While the Chinese government struggles to stabilize the economy, one emerging industry has continued to grow over the past years, invigorated by a growing sensation for food with a close expiration date.

Food reaching near expired dates draws customers’ interest, particularly as they come with cheaper costs and are still safe for consumption. Packaged snacks, bread & pastries, and dairy goods are the top three most commonly purchased food categories in China.

According to a survey result by iiMedia Research Consulting, emerging in 2020 during the COVID-19 pandemic, the industry has continued to blossom. And it is predicted to increase at a 6% annual pace. In the three years to come, the sector is expected to expand its market size by 40.1 billion CNY (6.3 billion dollars) from 30 billion CNY (4.7 billion dollars) in 2020.

According to the South China Morning Post, China saw a rush of enterprises enter the soon-to-expire food sector last year, with new business registrations jumping from 12 in 2020 to 68 in 2021.

Merchants on Taobao, China’s largest e-commerce site, sell crisps, instant noodles, confectionery, and chocolate that are near to expiring for prices that are less than half of what they would cost in a store.

Young Chinese are the most welcoming demographic of this product, accounting for 70% of the overall consumers. 60% are from middle-income households.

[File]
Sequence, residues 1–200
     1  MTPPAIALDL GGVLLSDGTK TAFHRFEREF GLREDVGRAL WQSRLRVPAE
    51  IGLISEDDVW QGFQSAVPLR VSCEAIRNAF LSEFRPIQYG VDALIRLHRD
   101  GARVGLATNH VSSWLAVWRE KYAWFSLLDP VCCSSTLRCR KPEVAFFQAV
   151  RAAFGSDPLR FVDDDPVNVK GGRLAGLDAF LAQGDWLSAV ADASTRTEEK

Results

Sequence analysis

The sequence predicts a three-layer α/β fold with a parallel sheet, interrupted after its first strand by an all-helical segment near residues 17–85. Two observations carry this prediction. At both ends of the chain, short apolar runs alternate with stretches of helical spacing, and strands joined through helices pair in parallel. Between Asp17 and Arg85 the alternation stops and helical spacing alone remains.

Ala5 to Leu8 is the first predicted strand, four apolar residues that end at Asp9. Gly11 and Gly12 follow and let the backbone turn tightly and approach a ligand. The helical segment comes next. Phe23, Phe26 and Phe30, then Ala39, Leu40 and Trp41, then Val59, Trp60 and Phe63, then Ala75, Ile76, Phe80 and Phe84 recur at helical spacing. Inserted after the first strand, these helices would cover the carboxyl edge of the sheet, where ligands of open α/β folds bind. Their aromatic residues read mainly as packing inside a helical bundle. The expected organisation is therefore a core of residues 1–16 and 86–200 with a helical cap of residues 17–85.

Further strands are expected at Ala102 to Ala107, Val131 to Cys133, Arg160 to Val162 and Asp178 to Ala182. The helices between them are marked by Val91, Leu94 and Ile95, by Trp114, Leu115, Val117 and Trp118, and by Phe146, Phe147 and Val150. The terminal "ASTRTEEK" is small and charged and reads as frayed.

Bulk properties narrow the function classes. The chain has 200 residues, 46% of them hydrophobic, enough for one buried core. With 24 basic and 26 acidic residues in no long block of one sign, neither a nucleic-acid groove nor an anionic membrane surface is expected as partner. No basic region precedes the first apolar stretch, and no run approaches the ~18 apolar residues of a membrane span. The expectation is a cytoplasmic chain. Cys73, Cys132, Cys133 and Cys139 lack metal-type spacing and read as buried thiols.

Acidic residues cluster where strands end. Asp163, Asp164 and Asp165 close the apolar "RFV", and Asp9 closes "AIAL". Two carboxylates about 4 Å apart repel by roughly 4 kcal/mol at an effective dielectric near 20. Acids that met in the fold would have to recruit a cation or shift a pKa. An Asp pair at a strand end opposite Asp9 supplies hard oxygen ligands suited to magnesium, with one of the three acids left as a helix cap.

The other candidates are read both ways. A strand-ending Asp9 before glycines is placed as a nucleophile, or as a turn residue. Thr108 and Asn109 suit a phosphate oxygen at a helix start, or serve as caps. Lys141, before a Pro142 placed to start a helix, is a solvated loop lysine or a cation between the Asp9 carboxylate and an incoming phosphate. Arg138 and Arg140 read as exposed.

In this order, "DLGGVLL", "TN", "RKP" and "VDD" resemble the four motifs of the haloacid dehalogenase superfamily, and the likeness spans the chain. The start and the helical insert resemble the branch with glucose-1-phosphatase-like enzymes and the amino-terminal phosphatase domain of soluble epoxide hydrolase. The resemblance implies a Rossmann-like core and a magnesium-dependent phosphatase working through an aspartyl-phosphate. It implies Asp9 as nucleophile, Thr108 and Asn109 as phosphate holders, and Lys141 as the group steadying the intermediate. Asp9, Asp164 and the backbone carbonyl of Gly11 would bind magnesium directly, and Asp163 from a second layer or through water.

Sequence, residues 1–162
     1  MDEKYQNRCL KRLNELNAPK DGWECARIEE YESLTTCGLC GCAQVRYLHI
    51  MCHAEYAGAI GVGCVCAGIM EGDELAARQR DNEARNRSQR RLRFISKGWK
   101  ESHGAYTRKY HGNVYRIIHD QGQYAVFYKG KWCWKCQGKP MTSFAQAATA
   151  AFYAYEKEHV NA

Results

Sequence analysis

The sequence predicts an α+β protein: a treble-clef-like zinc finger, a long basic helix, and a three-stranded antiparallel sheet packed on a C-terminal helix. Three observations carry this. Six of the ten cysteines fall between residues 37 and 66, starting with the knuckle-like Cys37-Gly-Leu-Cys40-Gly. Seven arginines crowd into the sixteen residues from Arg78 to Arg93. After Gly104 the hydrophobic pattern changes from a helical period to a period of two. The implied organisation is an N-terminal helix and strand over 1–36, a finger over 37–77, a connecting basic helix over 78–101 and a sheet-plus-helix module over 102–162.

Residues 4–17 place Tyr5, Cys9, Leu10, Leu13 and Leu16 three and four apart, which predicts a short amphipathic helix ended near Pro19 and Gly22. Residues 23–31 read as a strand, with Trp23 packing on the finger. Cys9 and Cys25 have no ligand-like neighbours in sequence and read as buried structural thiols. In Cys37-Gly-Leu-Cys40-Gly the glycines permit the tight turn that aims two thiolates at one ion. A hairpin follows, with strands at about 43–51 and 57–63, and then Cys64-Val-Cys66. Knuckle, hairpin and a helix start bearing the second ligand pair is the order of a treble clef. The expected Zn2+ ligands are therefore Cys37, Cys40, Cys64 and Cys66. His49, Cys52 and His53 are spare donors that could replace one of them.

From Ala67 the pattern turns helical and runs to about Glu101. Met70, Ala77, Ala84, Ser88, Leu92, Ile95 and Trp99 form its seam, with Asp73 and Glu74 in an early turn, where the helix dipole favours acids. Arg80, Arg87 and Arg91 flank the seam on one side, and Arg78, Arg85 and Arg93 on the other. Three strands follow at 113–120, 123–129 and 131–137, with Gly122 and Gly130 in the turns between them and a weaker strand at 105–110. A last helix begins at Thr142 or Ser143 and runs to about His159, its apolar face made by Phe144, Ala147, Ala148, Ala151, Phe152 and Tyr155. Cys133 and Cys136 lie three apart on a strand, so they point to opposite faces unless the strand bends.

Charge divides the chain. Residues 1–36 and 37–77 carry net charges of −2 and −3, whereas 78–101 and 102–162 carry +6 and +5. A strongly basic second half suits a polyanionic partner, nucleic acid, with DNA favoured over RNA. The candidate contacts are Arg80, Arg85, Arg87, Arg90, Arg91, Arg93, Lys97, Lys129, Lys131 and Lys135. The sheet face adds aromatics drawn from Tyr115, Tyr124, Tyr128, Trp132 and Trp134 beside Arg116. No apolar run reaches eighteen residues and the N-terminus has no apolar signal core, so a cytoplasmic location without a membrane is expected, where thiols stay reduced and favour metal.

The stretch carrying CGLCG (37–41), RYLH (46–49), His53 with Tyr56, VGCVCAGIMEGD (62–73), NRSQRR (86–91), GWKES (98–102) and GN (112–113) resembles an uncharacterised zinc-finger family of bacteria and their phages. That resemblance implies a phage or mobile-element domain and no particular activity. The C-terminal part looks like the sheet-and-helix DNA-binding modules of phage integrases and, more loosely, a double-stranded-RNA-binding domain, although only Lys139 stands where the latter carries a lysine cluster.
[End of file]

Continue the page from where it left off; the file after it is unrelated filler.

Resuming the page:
A Weibo user shared, “It’s not expired, and it’s cheaper; even if I’m not broke, I will still buy it.”

Besides cost-efficiency, advocates of the trend saw the growing appreciation of near-expired products could be good for the environment and a solution to the Chinese government’s sentiment on food waste.

China’s leader Xi Jinping has been appealing to the nation about “food security” since 2020. Last April, the country also passed a prohibition on “mukbang,” or “eating shows,” Dining services must offer takeaway boxes for leftovers and serve smaller portions to restrict excessive consumption.

However, the demand for food near the expiration date does come with skeptics. According to Finance China, there have been instances where stores of exceptionally cheap products are selling those of poor quality and unknown origin.

Citing from Legal Daily, the outlet reported that some merchants in some of these stores have falsely marked the original price, or even changed the production date, and sold expired products to customers with them thinking they were just near the sell-by date.

In some stores selling expiring food, the merchants don’t even prominently mark the specific production date and the expiry time of the products.

According to the iiMedia survey, 67.8% of Chinese customers are concerned about food safety, while 50% are concerned about the accuracy of labeling information.

Even so, the industry has kept on booming, with soon-to-expire grocery stores now sprouting in Beijing and other top-tier cities.

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